A phenomenological study exploring how early childhood pedagogies enable the development of dispositions

Peckham, Kathryn (2021) A phenomenological study exploring how early childhood pedagogies enable the development of dispositions. Doctoral thesis, Birmingham City University.

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Abstract

Concerned by children disengaging once they transition to the more formal approaches of the school classroom, this small-scale phenomenological study aimed to understand the intrinsic and external effects on engagement as once holistic experiences can become influenced by the attainment of prescribed learning goals. Aiming to understand the potential impact of prematurely formal pedagogies and learning outcomes, it captured children’s evolving responses and wide-ranging potential, troubling their long-term effects.

Over two years, ten children aged between 38-and 48-months at the start of the study, were observed experiencing their final preschool year and their first year of formal schooling within an English Early Years setting and its feeder school. Pedagogical delivery, environmental permissions and social interactions were documented alongside children’s intrinsic and external engagement with 16 dispositions during each of 640 naturalistic observations. Through comparative analysis, the evolving nature of children’s responses emerged alongside the enduring impact of pedagogical delivery and permissions. The effects of environment, choice and peer involvement were illustrated, alongside the predispositions, motivations and inclinations embedding within the children.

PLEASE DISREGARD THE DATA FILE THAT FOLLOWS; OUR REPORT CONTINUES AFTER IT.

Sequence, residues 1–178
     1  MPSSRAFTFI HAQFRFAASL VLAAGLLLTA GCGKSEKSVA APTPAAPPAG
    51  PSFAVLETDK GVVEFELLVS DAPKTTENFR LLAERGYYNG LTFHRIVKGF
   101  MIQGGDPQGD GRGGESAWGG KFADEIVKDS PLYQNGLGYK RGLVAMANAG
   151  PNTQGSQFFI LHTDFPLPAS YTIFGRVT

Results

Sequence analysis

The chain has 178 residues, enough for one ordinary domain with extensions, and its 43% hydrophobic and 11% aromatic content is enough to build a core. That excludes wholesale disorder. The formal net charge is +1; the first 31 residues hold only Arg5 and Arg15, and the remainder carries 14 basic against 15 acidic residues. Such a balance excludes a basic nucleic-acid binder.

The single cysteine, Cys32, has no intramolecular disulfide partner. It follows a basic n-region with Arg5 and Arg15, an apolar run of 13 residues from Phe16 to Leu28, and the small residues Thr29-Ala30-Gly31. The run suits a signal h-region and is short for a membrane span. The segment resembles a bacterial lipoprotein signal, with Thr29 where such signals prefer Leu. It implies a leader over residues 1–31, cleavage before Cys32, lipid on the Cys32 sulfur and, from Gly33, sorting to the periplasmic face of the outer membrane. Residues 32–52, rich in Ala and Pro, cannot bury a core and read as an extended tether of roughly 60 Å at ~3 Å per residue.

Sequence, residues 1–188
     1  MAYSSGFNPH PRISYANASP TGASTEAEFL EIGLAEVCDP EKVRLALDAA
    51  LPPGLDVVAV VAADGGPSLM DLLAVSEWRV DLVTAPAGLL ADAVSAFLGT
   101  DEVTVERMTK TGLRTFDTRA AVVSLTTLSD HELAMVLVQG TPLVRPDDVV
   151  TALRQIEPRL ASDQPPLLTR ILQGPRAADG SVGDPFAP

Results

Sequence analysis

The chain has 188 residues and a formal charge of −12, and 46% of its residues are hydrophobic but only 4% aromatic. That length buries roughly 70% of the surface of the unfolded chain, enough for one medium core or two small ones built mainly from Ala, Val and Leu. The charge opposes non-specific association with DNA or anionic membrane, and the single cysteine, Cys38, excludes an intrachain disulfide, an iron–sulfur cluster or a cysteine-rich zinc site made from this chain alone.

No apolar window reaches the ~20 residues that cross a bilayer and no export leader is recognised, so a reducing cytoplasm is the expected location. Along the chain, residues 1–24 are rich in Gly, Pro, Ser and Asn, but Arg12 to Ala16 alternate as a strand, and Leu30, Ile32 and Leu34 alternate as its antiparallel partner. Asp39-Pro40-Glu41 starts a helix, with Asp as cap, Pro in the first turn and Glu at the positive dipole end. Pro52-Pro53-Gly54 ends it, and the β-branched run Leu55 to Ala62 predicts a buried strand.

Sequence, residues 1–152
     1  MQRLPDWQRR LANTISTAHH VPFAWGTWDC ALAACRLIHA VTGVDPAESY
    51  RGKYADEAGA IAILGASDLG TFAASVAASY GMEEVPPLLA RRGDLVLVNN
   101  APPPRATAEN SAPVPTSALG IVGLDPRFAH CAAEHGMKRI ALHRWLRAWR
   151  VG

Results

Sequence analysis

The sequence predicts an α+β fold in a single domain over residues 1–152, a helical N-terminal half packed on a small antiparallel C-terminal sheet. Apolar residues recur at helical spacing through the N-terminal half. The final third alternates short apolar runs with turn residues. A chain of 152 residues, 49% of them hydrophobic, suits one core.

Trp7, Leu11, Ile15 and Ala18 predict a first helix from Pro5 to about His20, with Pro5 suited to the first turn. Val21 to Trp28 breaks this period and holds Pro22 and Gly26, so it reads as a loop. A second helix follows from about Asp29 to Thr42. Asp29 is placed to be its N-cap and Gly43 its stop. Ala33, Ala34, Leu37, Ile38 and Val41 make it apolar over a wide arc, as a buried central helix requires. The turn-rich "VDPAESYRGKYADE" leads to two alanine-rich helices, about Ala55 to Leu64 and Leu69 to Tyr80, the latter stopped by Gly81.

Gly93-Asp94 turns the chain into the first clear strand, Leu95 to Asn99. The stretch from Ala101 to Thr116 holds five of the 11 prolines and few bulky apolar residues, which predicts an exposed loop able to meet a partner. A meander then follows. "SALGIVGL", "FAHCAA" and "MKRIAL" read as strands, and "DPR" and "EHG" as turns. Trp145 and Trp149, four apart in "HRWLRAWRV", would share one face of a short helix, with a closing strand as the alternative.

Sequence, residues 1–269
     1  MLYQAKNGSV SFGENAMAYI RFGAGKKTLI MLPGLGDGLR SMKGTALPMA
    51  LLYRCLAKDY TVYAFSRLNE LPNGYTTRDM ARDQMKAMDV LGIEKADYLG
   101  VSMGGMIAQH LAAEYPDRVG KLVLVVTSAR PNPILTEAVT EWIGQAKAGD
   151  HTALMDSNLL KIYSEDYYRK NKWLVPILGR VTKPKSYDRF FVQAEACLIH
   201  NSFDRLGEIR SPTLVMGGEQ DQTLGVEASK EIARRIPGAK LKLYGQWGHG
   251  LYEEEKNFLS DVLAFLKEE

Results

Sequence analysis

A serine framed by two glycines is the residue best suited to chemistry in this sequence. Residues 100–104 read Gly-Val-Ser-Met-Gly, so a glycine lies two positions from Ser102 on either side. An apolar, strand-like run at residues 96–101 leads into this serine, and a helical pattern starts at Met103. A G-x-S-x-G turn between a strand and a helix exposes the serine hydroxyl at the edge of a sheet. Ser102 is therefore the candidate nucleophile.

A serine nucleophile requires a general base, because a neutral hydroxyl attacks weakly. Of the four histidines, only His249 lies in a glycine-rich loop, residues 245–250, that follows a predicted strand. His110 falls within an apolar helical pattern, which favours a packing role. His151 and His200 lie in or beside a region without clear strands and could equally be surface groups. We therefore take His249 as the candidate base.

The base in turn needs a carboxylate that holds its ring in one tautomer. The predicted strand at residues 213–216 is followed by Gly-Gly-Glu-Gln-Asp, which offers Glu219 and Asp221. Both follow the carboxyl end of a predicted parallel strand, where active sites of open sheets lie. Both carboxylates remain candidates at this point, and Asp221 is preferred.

Findings explored and presented within the Theory of Lifelong Development –in Childhood (ToLD-C) illustrate the foundational importance of early pedagogy, as well as the contextual and social limitations placed on learning experiences. As the impact of these learning experiences, and their developing impact on life trajectories are considered, this study calls for increased discourse to trouble the suitability of early formal approaches and to address the impact felt on life-long learning by many. In support of a dispositional approach that recognises children’s wide-ranging abilities and need for engaged, motivated learning the Method of Improved Childhood Engagement (MICE) is presented. Utilising its unique insights and methods, supportive developmental views of children are offered along with practices to structure targeted interventions and reflective practice throughout the primary age phase.

Item Type: Thesis (Doctoral)
Dates:
DateEvent
19 March 2021Completed
Uncontrolled Keywords: Childhood, Engagement, Disposition, Development, Phenomenology
Subjects: CAH22 - education and teaching > CAH22-01 - education and teaching > CAH22-01-01 - education
X900 Others in Education
Divisions: Faculty of Health, Education and Life Sciences > School of Education and Social Work
REF UoA Output Collections > Doctoral Theses Collection
Depositing User: Kip Darling
Date Deposited: 03 Nov 2021 11:25
Last Modified: 03 Nov 2021 11:25
URI: http://www.open-access.bcu.ac.uk/id/eprint/12370

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